Daily Archives: October 1, 2012

CREATIVE TIME: Megan Hoetger

Joseph Beuys is remembered as having claimed that “everyone is an artist.” For years, in the imaginary conversation going on with him in my head, I would respond “well, everyone has creative potential.” What, I wonder today, was the distinction I was drawing there? Moreover, why did it matter to me so much to draw such a distinction?

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CREATIVE TIME: Tali Weinberg

On September 12th I woke up to the news that hundreds had died in a factory fire in Pakistan. It took me a moment to realize that the report was not about the all-too-similar tragedy that took place 101 years earlier in New York. The Triangle Shirtwaist Factory Fire killed 146 workers, mostly young women from immigrant families who either burned or jumped to their death from the 8th floor of the building since the workers had otherwise been locked in.

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My thoughts on inequity, making, occupation, and tactics are currently entangled. I am thinking through a recent paper by Daphne Plessner published online via Art & Education. At the moment, I cannot say anything better than she, so please forgive the cheap trick of supplying a quote and a link as my application into the Summit viewing party.

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CREATIVE TIME: Scott Tsuchitani

One of the keyword statements for ARC’s “Occupy as Form” last February, “Occupy the Hood — We are the 99%” by Gina Acebo, eloquently spoke to the need to center a racial analysis within the narrative of the Occupy movement because people of color are disproportionately affected by the issues that the Occupy movement raised.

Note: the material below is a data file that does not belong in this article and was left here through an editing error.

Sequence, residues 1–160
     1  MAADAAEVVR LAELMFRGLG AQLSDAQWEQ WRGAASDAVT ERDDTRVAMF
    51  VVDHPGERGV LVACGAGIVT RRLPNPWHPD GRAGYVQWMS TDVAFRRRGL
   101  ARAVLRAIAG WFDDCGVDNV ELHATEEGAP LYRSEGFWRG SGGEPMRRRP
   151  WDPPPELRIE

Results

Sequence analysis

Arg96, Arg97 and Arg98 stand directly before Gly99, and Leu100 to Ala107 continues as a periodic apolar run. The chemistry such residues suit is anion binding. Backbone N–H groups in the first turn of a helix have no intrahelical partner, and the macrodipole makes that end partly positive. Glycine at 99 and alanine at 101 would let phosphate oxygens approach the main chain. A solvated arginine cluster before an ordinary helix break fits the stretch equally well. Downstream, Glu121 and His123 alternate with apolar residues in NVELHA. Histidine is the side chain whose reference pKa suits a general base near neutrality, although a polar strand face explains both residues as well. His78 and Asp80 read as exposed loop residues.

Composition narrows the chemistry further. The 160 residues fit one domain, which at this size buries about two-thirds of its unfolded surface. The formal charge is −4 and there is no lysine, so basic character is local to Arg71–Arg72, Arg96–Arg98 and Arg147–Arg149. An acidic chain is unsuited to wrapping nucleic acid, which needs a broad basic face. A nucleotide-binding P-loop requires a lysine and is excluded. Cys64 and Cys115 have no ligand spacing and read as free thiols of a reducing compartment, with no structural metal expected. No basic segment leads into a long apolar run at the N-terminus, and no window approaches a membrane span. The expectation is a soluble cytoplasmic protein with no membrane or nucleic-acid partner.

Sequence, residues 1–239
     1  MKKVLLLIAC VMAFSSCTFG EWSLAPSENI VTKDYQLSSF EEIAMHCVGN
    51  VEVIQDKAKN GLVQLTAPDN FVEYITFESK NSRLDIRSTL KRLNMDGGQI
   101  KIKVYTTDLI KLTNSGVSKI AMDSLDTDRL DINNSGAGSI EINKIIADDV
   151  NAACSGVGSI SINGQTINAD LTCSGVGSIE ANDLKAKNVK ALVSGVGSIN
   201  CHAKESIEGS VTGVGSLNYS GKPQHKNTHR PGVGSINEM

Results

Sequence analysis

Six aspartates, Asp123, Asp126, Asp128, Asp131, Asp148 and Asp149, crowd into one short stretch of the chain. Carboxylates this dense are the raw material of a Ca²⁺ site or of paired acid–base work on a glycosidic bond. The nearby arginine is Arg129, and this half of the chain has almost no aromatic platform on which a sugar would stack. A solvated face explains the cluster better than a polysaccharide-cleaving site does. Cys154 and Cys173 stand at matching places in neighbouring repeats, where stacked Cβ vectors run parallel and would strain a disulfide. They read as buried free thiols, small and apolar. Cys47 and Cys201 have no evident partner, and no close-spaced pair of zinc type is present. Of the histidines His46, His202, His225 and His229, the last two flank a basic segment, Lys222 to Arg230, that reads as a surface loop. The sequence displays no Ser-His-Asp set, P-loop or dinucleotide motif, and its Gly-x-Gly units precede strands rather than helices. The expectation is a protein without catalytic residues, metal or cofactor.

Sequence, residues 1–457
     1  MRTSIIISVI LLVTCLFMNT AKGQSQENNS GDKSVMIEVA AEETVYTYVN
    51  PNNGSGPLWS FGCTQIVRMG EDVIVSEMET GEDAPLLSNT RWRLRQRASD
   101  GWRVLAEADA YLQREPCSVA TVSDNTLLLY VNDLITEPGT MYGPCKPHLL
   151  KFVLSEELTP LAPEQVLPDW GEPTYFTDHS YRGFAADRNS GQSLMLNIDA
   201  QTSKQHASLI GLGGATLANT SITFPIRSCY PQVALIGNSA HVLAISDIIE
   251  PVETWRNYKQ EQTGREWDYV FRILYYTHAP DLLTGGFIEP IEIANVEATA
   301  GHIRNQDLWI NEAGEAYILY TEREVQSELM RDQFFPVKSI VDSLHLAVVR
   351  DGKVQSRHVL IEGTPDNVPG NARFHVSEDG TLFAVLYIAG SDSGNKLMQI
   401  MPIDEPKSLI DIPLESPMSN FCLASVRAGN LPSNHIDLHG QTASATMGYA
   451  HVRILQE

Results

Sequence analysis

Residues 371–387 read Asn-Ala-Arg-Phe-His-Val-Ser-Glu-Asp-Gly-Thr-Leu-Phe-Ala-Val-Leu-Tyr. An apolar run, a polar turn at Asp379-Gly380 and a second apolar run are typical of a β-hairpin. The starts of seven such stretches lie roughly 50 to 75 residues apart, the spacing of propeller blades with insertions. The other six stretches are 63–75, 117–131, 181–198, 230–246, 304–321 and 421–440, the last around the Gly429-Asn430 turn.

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CREATIVE TIME: Nicoletta Rousseva

During a panel presentation at a recent conference in Los Angeles, Andrea Fraser presented video stills from Official Welcome first performed by the artist in 2001. The images on display showed Fraser standing at a podium, reciting selections by notable critics, intellectuals and collectors who warmly praised and introduced well-known artists. Being somewhat familiar with this piece I was not shocked by images of Fraser removing her clothes in front of an audience, unabashedly bending over in a Gucci thong, or mimicking the shenanigans of well-known critics. Rather what struck me during the presentation was her frank account of the work.

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